The prototype ESPN Zone was a two-level, 35,000 square foot complex with a stadium-like design which could hold 550 customers. People could dine at the bar or restaurant area. 200 TV screens were hung from the walls and ceilings. There were two special rooms, a screening room and a 10,000 square foot arena for actual and virtual game play.[1]

ESPN Zone incorporated sports news into daily operations. Each shift, all staff were to receive daily sports news briefings. Placemats would be generated daily as a mini-sports page of a newspaper. The chain was to change its exclusive program, games, and memorabilia regularly.[1]

Broadcast facility

All of the ESPN Zone restaurants were equipped to be remote ESPN broadcast locations,[1] though only two were used to house regular series. The Anaheim ESPN Zone was the home of Unscripted with Chris Connelly, from 2001 to 2002. The ESPN Zone in New York City's Times Square was used as the location of the Monday Night Football halftime show for several years. The weekly series The Sports Reporters was broadcast from the Times Square location every Sunday morning from its opening until its closing, at which point the show moved to ESPN's home base in Bristol, Connecticut.

Several of the locations also had radio studios, used by the local ESPN Radio affiliate and leased to other stations on occasion.


The 2009 Ultimate Couch Potato Competition at ESPN Zone Chicago.

ESPN Zone hosted the Ultimate Couch Potato Competition, a competitive sitting competition. In 2009, competitions were held in New York, Chicago and Baltimore. The Baltimore winner, Jessica Mosley, unofficially broke the Guinness World Record by sitting and watching consecutive sports for an unprecedented 70 hours, and 45 seconds. She repeated as Baltimore champion in 2010.[11] The 2009 event received attention nationally, as well as from international outlets like the popular Australian television show Sunrise.[citation needed] Jeff Miller, the 2010 winner in Chicago broke an ESPN Zone record and also unofficially broke the Guinness World Record by watching 72 hours of non-stop sports and his third win in the competition.[12]


Former locations

The ESPN Zone marquee is visible at the New York-New York Hotel and Casino in the Las Vegas Strip in 2010.

See also


  1. ^ a b c d e f g h Arney, June (1998-03-08). "ESPN's fun zone Entertainment: The first ESPN Zone, a venture with Disney, promises to be on the cutting edge of interactive sports entertainment". Baltimore Sun. pp. 1–3. Retrieved 2017-02-02.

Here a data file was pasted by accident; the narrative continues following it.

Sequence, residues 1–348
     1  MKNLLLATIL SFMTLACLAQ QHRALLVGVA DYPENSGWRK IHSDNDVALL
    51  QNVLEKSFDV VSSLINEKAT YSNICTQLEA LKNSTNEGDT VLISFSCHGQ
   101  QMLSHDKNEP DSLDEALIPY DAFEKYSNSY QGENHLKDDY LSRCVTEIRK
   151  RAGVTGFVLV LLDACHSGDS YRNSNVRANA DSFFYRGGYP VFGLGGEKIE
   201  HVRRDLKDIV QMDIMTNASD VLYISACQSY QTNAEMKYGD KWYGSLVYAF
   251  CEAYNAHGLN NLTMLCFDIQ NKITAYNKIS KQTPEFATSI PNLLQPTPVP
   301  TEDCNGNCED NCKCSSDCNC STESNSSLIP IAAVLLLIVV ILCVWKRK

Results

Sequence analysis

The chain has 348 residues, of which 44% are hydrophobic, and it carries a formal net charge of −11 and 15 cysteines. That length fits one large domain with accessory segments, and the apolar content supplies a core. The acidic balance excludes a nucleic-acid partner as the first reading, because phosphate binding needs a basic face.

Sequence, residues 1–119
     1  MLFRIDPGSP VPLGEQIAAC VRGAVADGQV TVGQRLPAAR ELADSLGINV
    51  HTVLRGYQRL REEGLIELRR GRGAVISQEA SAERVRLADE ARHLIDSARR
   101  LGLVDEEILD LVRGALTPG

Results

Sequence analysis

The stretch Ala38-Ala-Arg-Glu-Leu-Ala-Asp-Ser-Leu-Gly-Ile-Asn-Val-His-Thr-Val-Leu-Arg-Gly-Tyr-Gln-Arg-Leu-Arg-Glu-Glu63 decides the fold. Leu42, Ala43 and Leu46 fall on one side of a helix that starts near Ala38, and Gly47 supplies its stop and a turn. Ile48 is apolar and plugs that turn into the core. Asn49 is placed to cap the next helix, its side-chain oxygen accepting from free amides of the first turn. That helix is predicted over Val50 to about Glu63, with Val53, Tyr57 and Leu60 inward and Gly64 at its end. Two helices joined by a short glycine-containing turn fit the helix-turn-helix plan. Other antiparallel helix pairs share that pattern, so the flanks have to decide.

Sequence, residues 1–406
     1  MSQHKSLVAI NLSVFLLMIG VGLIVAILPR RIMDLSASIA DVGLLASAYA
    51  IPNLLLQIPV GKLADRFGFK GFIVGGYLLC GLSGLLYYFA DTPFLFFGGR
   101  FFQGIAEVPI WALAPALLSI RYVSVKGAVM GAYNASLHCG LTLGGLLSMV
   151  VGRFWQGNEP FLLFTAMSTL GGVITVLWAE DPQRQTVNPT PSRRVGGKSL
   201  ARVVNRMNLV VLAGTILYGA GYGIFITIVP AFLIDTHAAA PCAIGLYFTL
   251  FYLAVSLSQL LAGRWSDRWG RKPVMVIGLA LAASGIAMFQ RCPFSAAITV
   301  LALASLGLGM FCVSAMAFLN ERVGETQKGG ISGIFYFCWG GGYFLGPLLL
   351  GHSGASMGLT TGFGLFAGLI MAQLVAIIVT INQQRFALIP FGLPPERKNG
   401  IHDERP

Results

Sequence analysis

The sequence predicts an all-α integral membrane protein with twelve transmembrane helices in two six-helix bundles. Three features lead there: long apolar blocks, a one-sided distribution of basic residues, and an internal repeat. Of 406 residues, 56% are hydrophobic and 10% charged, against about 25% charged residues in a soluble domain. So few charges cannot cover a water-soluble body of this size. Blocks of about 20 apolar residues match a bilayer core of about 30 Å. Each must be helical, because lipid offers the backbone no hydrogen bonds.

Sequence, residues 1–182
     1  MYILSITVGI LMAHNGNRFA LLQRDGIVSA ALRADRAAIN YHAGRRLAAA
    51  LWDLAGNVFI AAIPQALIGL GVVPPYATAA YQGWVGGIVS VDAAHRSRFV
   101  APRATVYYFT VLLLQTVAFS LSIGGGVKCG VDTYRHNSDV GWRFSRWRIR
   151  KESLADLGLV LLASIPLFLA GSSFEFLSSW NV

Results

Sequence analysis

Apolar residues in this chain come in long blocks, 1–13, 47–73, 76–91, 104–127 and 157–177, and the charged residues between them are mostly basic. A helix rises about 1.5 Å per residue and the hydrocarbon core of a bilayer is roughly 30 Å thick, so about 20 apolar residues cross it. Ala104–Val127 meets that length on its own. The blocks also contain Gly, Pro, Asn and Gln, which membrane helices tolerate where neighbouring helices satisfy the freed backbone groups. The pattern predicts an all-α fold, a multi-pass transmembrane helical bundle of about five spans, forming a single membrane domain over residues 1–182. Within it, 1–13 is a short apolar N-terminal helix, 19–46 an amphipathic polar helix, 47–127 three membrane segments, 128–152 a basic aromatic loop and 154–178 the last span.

2. ^ Shenot, Christine (1996-06-10). "Espn Steps Up To The Plate With Sports Bar". Orlando Sentinel. Tribune Publishing. Retrieved 2017-02-08. 
  3. ^ Mulligan, Thomas S. (1997-11-20). "Expansion Team". Los Angeles Times. Retrieved 2017-02-07. 
  4. ^ Richmond, Ray (1997-10-15). "ESPN serves up Grill". Variety. Retrieved 2017-02-09. 
  5. ^ "Power Plant tenant renamed as ESPN Zone". Baltimore Sun. 1997-12-30. Retrieved 2017-02-08. 
  6. ^ Gunts, Edward (1998-07-09). "In the zone". Baltimore Sun. Tribune Publishing. Archived from the original on 2017-02-03. Retrieved 2017-02-02. 
  7. ^ "Disney's double plans: Disney Regional Entertainment said..." Chicago Tribune. March 4, 1999. Retrieved October 23, 2017. 
  8. ^ a b c Lopez, Tyler (2009-06-29). "Denver's ESPN Zone Closed". TheDenverChannel.com. The E.W. Scripps Co. Retrieved 2009-10-02. 
  9. ^ a b c Eldredge, Richard (2009-10-01). "ESPN Zone in Buckhead closes". Peach Buzz. The Atlanta Journal-Constitution. Archived from the original on 2009-10-04. Retrieved 2009-10-02. 
  10. ^ Pimentel, Joseph (2017-10-25). "Disneyland cancels parking expansion on eastern side of park, focuses on new hotel and parking on west side". Orange County Register. Retrieved 2017-11-07. 
  11. ^ Madigan, Nick (2010-01-04). "Champion Couch Potato Repeats At Baltimore's Espn Zone". Baltimore Sun. Tribune Publishing. Retrieved 2017-02-13. 
  12. ^ McNamara, Chris (2010-01-05). "Chicago man breaks Guinness World Record for competitive sitting, wins third straight title". Chicago Tribune. Tribune Publishing. Retrieved 2017-02-13. 

External links